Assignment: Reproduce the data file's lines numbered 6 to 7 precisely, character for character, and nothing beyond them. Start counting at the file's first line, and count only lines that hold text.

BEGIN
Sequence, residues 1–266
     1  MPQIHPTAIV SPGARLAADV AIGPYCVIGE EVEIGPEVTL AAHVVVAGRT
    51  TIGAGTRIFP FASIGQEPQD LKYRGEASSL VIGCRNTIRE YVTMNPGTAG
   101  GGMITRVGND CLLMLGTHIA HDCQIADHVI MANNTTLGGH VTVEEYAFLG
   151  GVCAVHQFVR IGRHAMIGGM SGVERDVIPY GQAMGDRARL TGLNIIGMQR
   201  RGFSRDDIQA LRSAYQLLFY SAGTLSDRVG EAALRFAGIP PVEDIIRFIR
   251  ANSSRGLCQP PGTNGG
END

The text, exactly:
   201  RGFSRDDIQA LRSAYQLLFY SAGTLSDRVG EAALRFAGIP PVEDIIRFIR
   251  ANSSRGLCQP PGTNGG